Survivorship differences in geographical comparisons of cancer mortality: An urban-rural analysis

Ronnie D. Horner, Thomas N. Chirikos

Research output: Contribution to journalArticlepeer-review

6 Scopus citations


Epidemiologists have traditionally used geographical comparisons of cancer site-specific mortality rates to draw aetiological inferences about neoplasms. This approach is based on the unproven assumption that cancer mortality and incidence rates are highly correlated within geographical areas. Since mortality is a function of both incidence and survival rates, geographical differences in cancer survivorship may confound area comparison of cancer mortality rates. To test this possibility, the survival experience of white male cancer patients residing in rural and urban areas is examined using cancer registry data. A multi-variable proportional hazards model is specified to determine the unique effect of geographical residence on survival. Only for cancers of the gastro-intestinal (Gl) tract are there statistically significant differences in survivorship by geographical residence. This suggests that for most cancers, survival differences are not likely to play a confounding role in geographical comparisons of cancer mortality rates. However for Gl cancers, survival differences should probably be considered in geographical-oriented analyses and their interpretation.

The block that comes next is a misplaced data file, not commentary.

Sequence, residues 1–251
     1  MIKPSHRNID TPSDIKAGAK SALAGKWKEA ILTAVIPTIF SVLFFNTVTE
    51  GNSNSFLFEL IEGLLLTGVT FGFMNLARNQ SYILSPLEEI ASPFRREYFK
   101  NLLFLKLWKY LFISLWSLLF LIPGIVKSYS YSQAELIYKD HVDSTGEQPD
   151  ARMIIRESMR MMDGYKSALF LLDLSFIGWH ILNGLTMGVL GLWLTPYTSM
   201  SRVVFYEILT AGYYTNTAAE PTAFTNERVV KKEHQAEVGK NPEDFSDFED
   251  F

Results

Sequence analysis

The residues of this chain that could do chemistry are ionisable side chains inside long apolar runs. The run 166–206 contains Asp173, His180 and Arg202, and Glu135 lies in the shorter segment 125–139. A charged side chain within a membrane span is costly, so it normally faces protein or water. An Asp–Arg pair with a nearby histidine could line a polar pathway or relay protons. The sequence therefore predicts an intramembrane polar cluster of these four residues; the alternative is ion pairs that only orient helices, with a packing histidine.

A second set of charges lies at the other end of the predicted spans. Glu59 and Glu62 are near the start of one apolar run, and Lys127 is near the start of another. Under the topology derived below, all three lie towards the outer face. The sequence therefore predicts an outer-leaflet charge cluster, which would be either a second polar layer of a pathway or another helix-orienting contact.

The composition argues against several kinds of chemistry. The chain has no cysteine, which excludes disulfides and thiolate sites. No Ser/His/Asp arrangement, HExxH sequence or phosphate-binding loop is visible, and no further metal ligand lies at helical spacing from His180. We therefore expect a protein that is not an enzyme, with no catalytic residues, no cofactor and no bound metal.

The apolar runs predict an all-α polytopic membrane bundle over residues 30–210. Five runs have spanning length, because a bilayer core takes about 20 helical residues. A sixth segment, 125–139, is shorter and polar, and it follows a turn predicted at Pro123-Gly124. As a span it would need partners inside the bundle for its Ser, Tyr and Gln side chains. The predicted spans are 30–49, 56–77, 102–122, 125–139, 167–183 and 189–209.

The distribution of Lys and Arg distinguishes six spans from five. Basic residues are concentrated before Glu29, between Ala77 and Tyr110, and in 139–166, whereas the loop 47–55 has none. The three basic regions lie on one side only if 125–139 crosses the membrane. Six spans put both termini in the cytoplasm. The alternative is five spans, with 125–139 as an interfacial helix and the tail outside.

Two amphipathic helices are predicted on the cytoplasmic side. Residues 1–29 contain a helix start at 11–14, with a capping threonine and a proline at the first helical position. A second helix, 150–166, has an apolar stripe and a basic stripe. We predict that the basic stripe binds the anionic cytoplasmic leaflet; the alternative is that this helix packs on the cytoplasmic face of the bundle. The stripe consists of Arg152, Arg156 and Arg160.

Original languageEnglish (US)
Pages (from-to)184-189
Number of pages6
JournalInternational Journal of Epidemiology
Issue number2
StatePublished - Jun 1987
Externally publishedYes

ASJC Scopus subject areas

  • Epidemiology


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